The Obama campaign’s theme this week is education. President Obama wants voters to believe that as president, Mitt Romney would be bad for education in every context: in public schools, in colleges, and for teachers.
So far, he’s not having nearly as easy a time convincing voters he’s the better candidate as he had in 2008. The Huffington Post tries to explain why:
Despite the attacks, a new poll finds Romney trails Obama by a small margin on education and holds a slight edge on the issue among independents.
The annual Phi Delta Kappa/Gallup Poll of the “public’s attitudes toward the public schools” asked registered independents to choose a candidate if they “were voting solely on the basis of a desire to strengthen public schools.” Overall, 49 percent supported Obama, compared with 44 percent for Romney. But Romney had 46 percent of independent voters’ support, compared with Obama’s 41 percent.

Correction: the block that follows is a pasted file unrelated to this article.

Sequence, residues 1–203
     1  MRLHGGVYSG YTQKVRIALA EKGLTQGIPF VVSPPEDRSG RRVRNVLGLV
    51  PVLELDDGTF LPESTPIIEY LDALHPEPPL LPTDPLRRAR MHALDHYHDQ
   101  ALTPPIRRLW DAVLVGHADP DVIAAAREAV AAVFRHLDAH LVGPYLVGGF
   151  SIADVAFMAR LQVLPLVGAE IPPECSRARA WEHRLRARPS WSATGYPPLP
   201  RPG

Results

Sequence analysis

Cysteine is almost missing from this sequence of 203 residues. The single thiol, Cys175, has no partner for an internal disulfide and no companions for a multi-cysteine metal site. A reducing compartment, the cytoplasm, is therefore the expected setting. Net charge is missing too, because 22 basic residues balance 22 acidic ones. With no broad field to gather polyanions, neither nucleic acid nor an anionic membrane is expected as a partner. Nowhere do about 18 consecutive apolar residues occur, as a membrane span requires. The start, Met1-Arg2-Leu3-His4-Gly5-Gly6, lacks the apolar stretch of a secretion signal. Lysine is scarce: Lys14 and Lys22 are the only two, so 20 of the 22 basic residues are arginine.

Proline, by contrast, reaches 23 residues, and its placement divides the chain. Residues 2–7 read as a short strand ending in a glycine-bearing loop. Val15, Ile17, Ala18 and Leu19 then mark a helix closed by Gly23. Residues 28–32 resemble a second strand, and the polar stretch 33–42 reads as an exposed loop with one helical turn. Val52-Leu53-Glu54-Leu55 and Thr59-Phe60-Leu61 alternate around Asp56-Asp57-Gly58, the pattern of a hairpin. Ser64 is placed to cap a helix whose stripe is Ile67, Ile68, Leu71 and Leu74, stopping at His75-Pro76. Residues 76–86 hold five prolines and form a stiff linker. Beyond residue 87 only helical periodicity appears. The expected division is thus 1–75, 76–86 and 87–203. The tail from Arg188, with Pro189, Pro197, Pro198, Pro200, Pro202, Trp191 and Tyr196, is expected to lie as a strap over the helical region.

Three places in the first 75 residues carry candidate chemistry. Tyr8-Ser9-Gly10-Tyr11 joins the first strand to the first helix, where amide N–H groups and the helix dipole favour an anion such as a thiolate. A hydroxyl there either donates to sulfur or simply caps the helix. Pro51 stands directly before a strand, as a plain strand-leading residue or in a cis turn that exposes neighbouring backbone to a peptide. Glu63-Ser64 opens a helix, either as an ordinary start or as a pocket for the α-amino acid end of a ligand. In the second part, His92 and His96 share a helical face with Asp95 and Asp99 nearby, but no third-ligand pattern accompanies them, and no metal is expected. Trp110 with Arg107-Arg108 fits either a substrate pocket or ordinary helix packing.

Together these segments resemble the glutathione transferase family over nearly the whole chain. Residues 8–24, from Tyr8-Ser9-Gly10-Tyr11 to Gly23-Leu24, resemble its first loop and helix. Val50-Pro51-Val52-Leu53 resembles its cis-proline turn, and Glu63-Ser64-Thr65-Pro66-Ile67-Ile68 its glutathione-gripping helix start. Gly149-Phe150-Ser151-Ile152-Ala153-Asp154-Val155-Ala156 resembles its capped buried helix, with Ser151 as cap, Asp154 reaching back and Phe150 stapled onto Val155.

The findings make sense because Romney “was governor of an educationally successful state” that transitioned from mediocre performance to star status, said Chester Finn, who presides over the right-leaning Washington think tank Thomas B. Fordham Institute, and who worked in President Ronald Reagan’s administration. Finn noted that in 2008, Obama led John McCain in education by 17 percentage points, which “suggests that Romney is far better positioned on this issue.”
While HuffPo may be onto something with Romney’s previous success in Massachusetts, I suspect that the vast majority of Americans are unaware of any successes (or failures) Romney may have faced during his time as governor. Romney’s campaign has been playing on a theme in its opposition to ObamaCare that may be resonating with Americans outside of the debate over healthcare policy.
This morning Conn Carroll discussed the war on “free stuff” that the Romney campaign has been waging, with Romney explaining to Americans,